"Here was the secret of her blanched face, her shaken nerves, her peals of hysterical laughter on the next morning. But what had been in the box? What had she done with that? Of course, it must have been the old metal and pebbles which my client had dragged from the mere. She had thrown them in there at the first opportunity to remove the last trace of her crime.
"For twenty minutes I had sat motionless, thinking the matter out. Musgrave still stood with a very pale face, swinging his lantern and peering down into the hole.
"'These are coins of Charles the First,' said he, holding out the few which had been in the box; 'you see we were right in fixing our date for the Ritual.'
"'We may find something else of Charles the First,' I cried, as the probable meaning of the first two question of the Ritual broke suddenly upon me. 'Let me see the contents of the bag which you fished from the mere.'
"We ascended to his study, and he laid the debris before me. I could understand his regarding it as of small importance when I looked at it, for the metal was almost black and the stones lustreless and dull. I rubbed one of them on my sleeve, however, and it glowed afterwards like a spark in the dark hollow of my hand. The metal work was in the form of a double ring, but it had been bent and twisted out of its original shape.
"'You must bear in mind,' said I, 'that the royal party made head in England even after the death of the king, and that when they at last fled they probably left many of their most precious possessions buried behind them, with the intention of returning for them in more peaceful times.'
"'My ancestor, Sir Ralph Musgrave, as a prominent Cavalier and the right-hand man of Charles the Second in his wanderings,' said my friend.
"'Ah, indeed!' I answered. 'Well now, I think that really should give us the last link that we wanted. I must congratulate you on coming into the possession, though in rather a tragic manner of a relic which is of great intrinsic value, but of even greater importance as an historical curiosity.'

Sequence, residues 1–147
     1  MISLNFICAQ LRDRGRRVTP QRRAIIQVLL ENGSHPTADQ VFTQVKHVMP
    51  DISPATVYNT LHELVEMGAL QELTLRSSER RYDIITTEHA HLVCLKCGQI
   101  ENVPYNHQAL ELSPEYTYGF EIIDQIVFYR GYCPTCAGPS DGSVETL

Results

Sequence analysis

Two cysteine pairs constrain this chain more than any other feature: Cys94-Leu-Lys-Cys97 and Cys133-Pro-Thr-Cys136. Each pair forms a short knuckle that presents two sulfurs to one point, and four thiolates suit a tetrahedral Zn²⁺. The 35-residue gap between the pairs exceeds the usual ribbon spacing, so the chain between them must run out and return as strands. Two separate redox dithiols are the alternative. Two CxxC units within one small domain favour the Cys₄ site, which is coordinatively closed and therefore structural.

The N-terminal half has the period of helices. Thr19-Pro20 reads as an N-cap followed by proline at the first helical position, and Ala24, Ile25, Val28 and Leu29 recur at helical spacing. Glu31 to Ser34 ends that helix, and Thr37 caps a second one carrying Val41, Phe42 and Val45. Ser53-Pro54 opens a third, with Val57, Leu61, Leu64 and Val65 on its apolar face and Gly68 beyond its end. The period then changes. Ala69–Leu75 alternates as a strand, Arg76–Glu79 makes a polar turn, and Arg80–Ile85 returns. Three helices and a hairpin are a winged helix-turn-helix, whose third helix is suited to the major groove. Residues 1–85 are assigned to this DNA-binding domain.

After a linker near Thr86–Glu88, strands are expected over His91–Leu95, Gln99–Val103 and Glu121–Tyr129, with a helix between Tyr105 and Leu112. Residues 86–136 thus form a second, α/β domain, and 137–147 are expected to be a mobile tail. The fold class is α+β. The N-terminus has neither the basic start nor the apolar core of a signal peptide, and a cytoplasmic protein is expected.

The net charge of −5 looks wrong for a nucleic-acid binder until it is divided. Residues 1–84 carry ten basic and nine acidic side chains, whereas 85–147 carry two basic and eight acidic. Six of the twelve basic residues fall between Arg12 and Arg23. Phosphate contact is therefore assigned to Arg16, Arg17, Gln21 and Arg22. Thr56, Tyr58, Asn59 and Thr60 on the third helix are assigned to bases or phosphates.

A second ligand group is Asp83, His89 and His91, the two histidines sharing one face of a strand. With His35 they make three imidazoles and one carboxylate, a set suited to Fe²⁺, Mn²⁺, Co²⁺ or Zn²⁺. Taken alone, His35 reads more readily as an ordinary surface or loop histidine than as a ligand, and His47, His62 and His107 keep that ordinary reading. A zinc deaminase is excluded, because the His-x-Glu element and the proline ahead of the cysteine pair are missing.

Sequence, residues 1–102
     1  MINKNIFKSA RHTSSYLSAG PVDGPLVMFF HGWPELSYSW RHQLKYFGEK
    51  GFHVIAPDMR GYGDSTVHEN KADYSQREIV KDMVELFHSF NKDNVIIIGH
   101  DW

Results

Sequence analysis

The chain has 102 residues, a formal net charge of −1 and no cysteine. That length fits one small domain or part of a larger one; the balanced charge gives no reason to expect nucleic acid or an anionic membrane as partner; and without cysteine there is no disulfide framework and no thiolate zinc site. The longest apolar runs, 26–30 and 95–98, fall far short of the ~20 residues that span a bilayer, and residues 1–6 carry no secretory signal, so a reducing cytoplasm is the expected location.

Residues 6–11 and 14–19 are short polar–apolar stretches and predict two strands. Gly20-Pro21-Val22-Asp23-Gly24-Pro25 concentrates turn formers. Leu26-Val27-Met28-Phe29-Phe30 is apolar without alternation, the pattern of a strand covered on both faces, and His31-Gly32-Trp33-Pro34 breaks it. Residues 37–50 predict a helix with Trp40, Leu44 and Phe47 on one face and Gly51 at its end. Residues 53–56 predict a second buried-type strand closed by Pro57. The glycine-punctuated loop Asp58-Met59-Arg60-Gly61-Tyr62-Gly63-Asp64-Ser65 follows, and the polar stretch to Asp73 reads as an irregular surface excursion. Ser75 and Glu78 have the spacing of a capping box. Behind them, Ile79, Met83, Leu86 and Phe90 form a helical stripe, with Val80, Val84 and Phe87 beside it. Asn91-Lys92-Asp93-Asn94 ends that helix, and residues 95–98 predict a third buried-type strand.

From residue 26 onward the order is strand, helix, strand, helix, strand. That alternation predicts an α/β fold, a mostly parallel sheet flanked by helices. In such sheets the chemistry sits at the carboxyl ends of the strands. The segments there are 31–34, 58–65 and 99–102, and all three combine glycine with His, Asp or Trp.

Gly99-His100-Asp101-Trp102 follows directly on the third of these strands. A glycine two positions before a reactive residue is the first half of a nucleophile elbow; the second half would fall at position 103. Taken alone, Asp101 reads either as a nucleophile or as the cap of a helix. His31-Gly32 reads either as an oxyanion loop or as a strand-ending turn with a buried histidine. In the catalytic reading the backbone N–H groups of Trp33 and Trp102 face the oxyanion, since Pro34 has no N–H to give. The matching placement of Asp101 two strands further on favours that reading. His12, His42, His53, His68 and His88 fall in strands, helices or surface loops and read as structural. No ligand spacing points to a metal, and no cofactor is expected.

"'What is it, then?' he gasped in astonishment.
"'It is nothing less than the ancient crown of the kings of England.'
"'Precisely. Consider what the Ritual says: How does it run? "Whose was it?" "His who is gone." That was after the execution of Charles. Then, "Who shall have it?" "He who will come." That was Charles the Second, whose advent was already foreseen. There can, I think, be no doubt that this battered and shapeless diadem once encircled the brows of the royal Stuarts.'
"'And how came it in the pond?'
"'Ah, that is a question that will take some time to answer.' And with that I sketched out to him the whole long chain of surmise and of proof which I had constructed. The twilight had closed in and the moon was shining brightly in the sky before my narrative was finished.
"'And how was it then that Charles did not get his crown when he returned?' asked Musgrave, pushing back the relic into its linen bag.
"'Ah, there you lay your finger upon the one point which we shall probably never be able to clear up. It is likely that the Musgrave who held the secret died in the interval, and by some oversight left this guide to his descendant without explaining the meaning of it. From that day to this it has been handed down from father to son, until at last it came within reach of a man who tore its secret out of it and lost his life in the venture.'
"And that's the story of the Musgrave Ritual, Watson. They have the crown down at Hurlstone--though they had some legal bother and a considerable sum to pay before they were allowed to retain it. I am sure that if you mentioned my name they would be happy to show it to you. Of the woman nothing was ever heard, and the probability is that she got away out of England and carried herself and the memory of her crime to some land beyond the seas."